Wojciech Paduchowski introduces us to sociological research on the worldview of Nowa Huta families. We learn that the role models they learned from their family home played a very important role in their lives. Believing families constituted ninety percent, and more than half of them described themselves as deeply religious and zealous practitioners – “Parents believed and I believe with the whole family, we try to keep the treasure of the faith which has been transmitted to us, we cannot imagine our life without it”; “In my religious opinions, I am the same as my father and my mother”; “We still go to church on Sundays and holidays, just like they used to go to our house.” These are just a few quotes that reflect the spirit of the Nowa Huta families.

Moreover, the author wonders if the families of Nowa Huta were still rural families or were they already typical of the bourgeoisie? There are certainly more such intriguing questions in the book. By the way, readers willing to read will get acquainted with the story of Józef Sawa, whose biography will explain the essence of the protests. It should be added that Sawa’s life is actually a story about Nowa Huta. He is part of the model of the progressive man of socialist work. He was praised and appreciated. He quickly became something of a poor boy’s worth. And the “turning point of his life” was the events of April 1960. Then he underwent a transformation, he began to be interested in others, especially the weakest – can we read in Karły pod Krzyżem.

Women as collective heroes of the Nowa Huta events

The author presents the intrigues that the authorities used to prevent the construction of the church in an interesting way. For example, all organizing activities related to the removal of the cross were undertaken informally and with the participation of members of the United Polish Workers’ Party. The only next step was to formalize the procedure so that it could, to some extent, meet the requirements of the law at the time. As for the law of the People’s Republic of Poland, the demonstrators themselves demanded respect for freedom of conscience, religion and assembly – guaranteed by the Stalinist constitution. In any case, the law stood behind the faithful, because the cross rising above the site intended for the construction of the church became the object of worship and its removal would violate the provisions of the law canonical, which should also be respected by the laity because of the agreement concluded between the State and the Church in 1950. In addition, the land has already been ceded by the Direction of the construction of the workers’ cities just for the construction from the church. And what is most interesting – worshipers pointed out that they had a government permit signed by Gomułka himself.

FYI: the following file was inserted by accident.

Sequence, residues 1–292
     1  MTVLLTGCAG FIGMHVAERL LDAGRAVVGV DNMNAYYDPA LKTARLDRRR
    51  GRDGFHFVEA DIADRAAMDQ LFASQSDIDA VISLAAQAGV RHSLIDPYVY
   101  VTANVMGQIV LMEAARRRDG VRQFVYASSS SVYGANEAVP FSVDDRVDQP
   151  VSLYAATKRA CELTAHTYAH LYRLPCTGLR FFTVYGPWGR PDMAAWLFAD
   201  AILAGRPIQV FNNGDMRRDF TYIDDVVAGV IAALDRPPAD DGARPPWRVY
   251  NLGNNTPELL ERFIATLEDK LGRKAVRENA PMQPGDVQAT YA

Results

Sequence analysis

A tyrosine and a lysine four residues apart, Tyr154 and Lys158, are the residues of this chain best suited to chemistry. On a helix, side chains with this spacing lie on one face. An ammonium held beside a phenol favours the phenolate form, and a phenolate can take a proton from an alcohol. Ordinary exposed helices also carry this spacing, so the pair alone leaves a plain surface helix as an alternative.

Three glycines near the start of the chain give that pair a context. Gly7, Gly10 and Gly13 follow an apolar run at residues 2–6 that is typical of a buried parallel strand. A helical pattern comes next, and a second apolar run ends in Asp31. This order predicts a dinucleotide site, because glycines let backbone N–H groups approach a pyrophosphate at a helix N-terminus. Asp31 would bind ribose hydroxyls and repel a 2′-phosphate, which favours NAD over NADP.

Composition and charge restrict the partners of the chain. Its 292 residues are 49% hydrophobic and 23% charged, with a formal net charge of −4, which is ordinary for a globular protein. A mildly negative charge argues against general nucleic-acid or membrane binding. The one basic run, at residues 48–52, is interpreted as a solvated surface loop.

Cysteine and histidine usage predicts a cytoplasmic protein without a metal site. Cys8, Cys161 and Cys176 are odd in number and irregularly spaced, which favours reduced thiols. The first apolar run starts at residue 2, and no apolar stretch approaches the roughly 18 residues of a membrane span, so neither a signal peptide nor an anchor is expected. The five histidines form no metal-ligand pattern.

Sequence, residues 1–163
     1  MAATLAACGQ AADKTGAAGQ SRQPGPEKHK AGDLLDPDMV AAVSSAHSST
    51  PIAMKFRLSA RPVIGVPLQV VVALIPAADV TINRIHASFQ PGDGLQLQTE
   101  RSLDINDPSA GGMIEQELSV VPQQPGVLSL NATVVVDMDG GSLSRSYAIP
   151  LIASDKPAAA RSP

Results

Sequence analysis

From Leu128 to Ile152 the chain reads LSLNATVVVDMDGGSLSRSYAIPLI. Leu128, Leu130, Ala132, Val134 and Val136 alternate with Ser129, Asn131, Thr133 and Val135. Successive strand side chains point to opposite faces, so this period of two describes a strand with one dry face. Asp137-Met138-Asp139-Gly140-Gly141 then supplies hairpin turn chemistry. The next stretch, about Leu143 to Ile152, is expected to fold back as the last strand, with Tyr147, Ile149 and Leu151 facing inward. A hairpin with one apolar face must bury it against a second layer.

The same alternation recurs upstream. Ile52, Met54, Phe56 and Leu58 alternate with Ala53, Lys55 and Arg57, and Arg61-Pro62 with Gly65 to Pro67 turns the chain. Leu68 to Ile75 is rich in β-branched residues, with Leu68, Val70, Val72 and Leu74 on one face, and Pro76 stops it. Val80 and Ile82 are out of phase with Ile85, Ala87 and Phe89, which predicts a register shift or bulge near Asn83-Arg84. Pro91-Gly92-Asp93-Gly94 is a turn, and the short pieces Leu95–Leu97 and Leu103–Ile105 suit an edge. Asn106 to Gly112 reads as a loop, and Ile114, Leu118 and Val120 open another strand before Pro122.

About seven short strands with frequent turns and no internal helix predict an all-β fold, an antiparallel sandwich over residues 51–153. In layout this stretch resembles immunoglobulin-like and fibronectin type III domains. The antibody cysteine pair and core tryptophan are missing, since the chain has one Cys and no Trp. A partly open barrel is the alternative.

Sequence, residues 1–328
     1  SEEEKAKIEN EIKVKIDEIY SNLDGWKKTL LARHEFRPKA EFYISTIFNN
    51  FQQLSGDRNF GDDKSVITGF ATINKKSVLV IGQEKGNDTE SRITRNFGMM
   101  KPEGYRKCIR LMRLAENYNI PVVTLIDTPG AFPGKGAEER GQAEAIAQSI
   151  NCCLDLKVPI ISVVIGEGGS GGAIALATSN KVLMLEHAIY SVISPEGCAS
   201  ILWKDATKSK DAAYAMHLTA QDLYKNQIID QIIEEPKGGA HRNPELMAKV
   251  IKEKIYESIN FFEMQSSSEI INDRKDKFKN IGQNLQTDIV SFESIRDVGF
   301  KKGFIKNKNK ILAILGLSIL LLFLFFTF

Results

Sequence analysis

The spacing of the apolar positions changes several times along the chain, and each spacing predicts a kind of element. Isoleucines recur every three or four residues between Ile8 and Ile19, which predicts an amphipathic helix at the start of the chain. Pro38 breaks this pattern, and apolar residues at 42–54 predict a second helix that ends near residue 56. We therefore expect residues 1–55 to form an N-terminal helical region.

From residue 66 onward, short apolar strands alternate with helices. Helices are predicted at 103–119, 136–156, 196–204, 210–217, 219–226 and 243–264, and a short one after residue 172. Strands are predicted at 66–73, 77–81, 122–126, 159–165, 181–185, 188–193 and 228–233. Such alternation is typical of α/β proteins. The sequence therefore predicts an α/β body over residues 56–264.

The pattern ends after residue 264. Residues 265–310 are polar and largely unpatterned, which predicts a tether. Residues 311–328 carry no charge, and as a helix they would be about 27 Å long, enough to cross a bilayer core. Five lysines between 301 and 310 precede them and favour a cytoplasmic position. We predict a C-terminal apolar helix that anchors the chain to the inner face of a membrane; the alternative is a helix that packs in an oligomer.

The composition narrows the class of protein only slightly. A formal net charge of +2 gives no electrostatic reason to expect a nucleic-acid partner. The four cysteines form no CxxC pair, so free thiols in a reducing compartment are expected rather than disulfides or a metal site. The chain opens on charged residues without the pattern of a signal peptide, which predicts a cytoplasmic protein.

This argument was repeated many times in conversations between worshipers and local authorities and security forces – emphasizes Wojciech Paduchowski.

Women with children predominated among the protesters at the cross. Faced with the actions of those who attempted to remove the cross, the women did not act passively. They cried out to their adversaries: “Communists, heretics, impious!” and threw clods of earth at them. They were labeled as devout and the Security Service sought to stigmatize the protesters as mentally ill, giving the example of Izydor Szczupacki who, holding a cross, shouted: “If they shoot me here and die, I will go straight to heaven!”. On this occasion, the unusual title of the book should be clarified. In the spirit of the SB, the protesters under the cross were to be equated with “small, helpless, disabled people”, and synonymous with the codename “dwarfs” was illiterate, humble and short – Kazimierz Kozub, whose character prompted SB officers to give the aforementioned name in the case of the operational investigation and find the inspiration behind the events of April 1960. As if that were not enough, the aforementioned Kozub, despite his intellectual disability, was sentenced to two years in prison for punching an unnamed person in the face and threatening a militia officer with a brick. In addition, there were many dramas when a mother with several children found herself in destitution following the arrest of her husband. The authorities were not interested in helping and organized collections for the injured were immediately halted due to harassment from the security services.

‘Dwarfs Under the Cross’ is more than just a book about the events of sixty years ago. It is a work that shows us the essence of how the communist state actually treated ordinary people – viewing them as devotees, fools, idlers or dwarfs simply because they were believers. Only that the proverbial “dwarfs” won the cause for which they fought, standing on the shoulders of the “giants”, as Wojciech Paduchowski sums it up well.

Leave a Comment